Armies are virtually never ready to fight major wars. Warfare continues to change over time, which means no two wars are exactly alike. Armys leaders struggle to anticipate the next war, yet it is unrealistic to predict with perfection. The advent of new technology and tactics, unexpected adversaries, the vast size and complexity of military organizations, undetectable capabilities, and unforeseen goals signify gaps will exist between the war an army expects to fight and the war it must fight.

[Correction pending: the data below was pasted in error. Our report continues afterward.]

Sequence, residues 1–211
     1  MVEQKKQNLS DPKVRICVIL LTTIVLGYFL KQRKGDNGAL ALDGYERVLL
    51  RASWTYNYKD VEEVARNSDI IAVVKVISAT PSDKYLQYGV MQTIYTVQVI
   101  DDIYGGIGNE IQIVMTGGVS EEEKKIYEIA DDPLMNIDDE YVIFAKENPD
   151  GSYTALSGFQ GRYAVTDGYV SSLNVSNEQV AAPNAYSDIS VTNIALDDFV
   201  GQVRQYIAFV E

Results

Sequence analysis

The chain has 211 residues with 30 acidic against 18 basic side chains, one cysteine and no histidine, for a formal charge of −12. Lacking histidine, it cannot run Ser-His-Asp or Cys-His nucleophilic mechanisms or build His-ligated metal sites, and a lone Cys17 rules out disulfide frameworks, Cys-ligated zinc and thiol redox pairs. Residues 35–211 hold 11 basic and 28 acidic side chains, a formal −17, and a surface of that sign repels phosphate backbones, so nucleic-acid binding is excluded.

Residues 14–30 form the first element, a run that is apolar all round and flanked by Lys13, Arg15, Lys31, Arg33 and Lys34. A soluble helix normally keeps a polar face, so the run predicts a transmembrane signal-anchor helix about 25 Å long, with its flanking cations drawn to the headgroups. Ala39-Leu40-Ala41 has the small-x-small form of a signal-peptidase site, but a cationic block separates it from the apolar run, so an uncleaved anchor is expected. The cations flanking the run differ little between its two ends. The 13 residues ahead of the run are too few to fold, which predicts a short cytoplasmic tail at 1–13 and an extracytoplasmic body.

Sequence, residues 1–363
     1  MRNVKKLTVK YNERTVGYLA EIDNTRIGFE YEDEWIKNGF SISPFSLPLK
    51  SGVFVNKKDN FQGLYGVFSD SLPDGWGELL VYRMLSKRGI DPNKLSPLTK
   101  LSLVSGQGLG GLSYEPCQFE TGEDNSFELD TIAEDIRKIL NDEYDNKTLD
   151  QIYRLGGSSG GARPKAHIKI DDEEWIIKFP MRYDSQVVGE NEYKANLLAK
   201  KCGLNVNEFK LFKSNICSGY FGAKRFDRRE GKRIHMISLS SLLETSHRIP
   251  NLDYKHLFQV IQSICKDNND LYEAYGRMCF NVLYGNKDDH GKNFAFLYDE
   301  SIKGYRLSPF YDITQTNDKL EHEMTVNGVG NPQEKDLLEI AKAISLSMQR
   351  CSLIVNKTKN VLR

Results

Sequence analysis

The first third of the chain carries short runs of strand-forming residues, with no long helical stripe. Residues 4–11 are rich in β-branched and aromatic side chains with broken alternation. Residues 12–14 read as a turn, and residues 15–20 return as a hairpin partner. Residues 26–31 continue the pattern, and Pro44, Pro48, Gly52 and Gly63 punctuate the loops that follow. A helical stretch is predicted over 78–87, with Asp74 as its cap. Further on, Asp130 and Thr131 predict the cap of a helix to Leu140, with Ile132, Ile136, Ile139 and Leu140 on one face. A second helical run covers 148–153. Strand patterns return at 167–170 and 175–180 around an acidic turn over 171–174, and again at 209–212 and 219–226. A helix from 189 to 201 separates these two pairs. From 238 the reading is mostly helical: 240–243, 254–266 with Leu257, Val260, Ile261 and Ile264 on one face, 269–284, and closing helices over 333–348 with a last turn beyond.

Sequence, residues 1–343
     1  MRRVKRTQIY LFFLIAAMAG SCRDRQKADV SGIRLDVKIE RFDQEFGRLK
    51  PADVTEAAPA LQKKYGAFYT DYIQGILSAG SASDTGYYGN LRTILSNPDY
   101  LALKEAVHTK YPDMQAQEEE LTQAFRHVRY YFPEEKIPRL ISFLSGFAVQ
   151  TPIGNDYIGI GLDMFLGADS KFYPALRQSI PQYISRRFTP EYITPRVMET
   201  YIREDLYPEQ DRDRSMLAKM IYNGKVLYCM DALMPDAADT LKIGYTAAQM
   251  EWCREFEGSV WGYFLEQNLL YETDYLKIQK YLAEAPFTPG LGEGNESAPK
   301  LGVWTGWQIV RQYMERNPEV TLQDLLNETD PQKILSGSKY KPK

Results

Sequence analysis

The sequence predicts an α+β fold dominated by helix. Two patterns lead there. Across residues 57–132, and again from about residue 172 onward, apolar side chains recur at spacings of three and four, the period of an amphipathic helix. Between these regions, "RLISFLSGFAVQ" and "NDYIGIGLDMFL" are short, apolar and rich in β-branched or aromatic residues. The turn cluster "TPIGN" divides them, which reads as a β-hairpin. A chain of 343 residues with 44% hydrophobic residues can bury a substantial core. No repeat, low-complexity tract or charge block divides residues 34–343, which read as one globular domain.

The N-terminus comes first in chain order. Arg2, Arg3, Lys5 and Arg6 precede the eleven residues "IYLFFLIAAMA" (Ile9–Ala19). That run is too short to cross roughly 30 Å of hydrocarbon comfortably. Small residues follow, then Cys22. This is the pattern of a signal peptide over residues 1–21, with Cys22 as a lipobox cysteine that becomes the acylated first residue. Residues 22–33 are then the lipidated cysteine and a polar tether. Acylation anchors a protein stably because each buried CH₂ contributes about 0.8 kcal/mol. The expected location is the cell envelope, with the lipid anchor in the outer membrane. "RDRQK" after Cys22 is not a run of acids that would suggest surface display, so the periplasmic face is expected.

Yet, throughout history there has been no army on Earth that has been accused of total unpreparedness than those that went to war in Europe in August of 1914. There is no conflict that more vividly conjures up the image of wasteful military incompetence than the First World War, in which a wholesale chain-of-command on both sides utterly failed to foresee the scale, duration and character of a war transformed by modern weaponry and mass mobilization. The millions cut down among the artillery barrages, machine gun fire and gas clouds have become the quintessential symbol of military unpreparedness and the inability to adapt.